After some fine tuning for its second season, the designer says his MW diffusion line has found its own identity
To receive one compliment from Matthew Williamson is enough to make your day; to receive two is enough to make Drapers blush. Not only does Williamson comment on how much he likes my lemon yellow blouse, he later also tells me he might even be using the colour in his spring 12 collection, which will be unveiled at London Fashion Week in September. But that’s as much information as he is prepared to share right now. “It could all change anyway,” he laughs, explaining that samples seem to arrive later each season. “But I’m too old to panic – they’ll get here,” he adds, alternately sipping cups of coffee and tea.
What is “here”, in Williamson’s London office in Mayfair, is the spring 12 MW by Matthew Williamson collection, the designer’s diffusion line which launched for autumn 11.
Produced under licence by Italian fashion group Mariela Burani, the collection will debut via 17 UK stockists this month, including Northeast indie Jules B, Hollywood Collections in Solihull and Katherine McCormack in Limerick, and 55 in total worldwide – not bad for a new line. But M&L Harris, the London-based agent for the diffusion brand, is confident it can double that number for spring 12, after some “fine tuning” – according to Williamson – was made to the collection since the autumn launch.
“Like any new collection, [MW] was a learning curve in terms of understanding the market and the price,” he explains. “We also had to understand how the DNA of the mainline could translate into the diffusion line.”
Price was key for buyers, says Beverly Barnett, sales manager at M&L Harris, who believes the collection is now more commercial, too. “Buyers said they loved the collection and the reviewed pricing will make it even more attractive to them. Prices are important for all brands in this tough economic climate,” she says. Prices now start at about €36 (£32) for a T-shirt – for autumn 11, the entry point was €70 (£61) – and are about 50% cheaper than the mainline.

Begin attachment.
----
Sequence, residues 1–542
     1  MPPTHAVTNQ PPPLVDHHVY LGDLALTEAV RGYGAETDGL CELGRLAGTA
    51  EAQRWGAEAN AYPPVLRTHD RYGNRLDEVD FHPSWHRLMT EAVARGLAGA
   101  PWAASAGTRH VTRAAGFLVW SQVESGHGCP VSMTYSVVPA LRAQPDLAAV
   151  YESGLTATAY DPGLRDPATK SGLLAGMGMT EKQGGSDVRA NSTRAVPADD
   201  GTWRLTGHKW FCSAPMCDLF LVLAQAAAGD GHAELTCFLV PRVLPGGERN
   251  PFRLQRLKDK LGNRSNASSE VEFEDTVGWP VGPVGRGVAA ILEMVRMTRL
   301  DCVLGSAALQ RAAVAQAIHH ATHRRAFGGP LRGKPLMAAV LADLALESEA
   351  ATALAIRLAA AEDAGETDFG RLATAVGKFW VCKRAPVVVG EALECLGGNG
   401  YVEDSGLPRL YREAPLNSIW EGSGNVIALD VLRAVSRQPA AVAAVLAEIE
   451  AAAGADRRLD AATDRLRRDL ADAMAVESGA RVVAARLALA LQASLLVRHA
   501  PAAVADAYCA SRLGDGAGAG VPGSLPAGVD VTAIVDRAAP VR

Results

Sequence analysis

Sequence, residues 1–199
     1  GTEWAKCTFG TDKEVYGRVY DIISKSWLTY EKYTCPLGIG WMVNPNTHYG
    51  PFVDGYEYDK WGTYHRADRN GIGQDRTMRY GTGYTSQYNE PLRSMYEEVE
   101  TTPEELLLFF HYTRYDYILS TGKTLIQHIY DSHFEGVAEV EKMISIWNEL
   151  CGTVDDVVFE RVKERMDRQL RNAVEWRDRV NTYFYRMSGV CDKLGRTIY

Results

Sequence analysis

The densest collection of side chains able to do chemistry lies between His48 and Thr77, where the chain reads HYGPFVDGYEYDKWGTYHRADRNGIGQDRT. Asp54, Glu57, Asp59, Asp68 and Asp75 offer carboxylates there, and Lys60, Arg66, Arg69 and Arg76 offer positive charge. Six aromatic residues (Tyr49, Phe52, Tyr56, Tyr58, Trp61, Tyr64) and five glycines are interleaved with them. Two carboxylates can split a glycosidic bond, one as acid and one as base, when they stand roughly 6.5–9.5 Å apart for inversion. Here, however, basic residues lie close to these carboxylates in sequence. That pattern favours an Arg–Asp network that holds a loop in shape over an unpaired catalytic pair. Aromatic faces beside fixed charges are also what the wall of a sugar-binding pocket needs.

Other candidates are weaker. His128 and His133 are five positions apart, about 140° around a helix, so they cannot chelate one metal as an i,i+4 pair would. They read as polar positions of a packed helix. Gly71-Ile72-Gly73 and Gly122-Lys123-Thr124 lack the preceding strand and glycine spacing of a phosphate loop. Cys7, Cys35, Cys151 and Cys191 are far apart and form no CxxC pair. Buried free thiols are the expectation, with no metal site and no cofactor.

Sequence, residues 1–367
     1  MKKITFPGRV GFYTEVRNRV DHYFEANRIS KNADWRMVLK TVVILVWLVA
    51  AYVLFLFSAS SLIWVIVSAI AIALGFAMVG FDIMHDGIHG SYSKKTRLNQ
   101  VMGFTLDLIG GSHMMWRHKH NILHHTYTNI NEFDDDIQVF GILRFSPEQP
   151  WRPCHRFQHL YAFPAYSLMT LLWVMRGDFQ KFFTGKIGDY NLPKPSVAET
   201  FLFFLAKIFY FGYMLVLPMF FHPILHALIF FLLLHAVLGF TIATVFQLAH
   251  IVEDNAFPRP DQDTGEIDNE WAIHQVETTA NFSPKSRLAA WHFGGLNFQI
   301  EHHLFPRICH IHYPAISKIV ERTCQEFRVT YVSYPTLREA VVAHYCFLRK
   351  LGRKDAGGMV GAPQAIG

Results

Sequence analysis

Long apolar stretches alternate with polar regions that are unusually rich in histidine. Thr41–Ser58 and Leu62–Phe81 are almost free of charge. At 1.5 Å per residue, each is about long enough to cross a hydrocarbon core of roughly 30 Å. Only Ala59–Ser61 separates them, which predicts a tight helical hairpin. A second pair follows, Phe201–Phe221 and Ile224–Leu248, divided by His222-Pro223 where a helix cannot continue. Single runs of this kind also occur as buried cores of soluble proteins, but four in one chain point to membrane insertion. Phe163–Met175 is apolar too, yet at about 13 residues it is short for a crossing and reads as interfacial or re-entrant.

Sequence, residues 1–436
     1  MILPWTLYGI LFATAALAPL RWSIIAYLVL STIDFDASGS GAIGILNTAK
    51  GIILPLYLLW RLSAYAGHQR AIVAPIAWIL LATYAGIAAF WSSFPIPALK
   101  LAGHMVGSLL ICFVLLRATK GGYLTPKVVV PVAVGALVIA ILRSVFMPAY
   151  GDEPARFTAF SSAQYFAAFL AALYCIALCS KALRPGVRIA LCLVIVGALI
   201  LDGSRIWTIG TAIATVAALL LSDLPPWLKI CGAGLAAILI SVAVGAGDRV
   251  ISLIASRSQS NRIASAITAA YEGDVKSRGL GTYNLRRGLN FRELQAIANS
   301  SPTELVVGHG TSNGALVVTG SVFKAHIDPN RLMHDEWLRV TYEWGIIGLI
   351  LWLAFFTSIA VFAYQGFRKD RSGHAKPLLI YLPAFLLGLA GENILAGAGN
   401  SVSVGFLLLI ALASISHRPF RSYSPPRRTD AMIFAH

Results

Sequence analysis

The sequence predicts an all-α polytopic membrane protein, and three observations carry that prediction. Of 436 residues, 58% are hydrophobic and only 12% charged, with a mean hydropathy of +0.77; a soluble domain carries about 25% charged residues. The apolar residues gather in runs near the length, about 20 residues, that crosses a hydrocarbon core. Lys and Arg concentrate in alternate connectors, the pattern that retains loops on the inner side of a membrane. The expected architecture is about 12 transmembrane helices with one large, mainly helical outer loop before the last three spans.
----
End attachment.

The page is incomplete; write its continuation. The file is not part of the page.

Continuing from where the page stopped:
And while you still can – and should – see the Matthew Williamson handwriting in the diffusion line’s bold colours, prints and embellishment, MW has differentiated itself enough from the mainline to stand out as a brand in its own right. It’s clear from the pieces – some 180 of them – that MW targets a younger customer than the mainline (teens, 20- and 30-somethings, according to Williamson). Short hemlines, maxi dresses, coloured denim, prints and a palette that ranges from warm, rustic hues right through to cooler blues give a youthful energy to what is a separates-led collection, which is another differentiator from the mainline and its signature dresses.
The fabrics, too, are different. “We use a lot of cottons, cotton and silk mixes, and silk voile rather than silk georgette,” says Loukia Hay, senior designer for MW. “Sometimes the mainline verges on couture, but MW is a completely different level of product. The shapes are easier, too. It really has found its own identity.”
Williamson is adamant that MW is far enough away in design and price not to compete with the brand’s Butterfly by Matthew Williamson label for Debenhams, also produced under licence. “That line is for a much older customer, a 40-plus customer. They’ll hate me for saying that because they think it’s more for a 30-plus,” he laughs. “[MW] sits comfortably between high-end and high street.”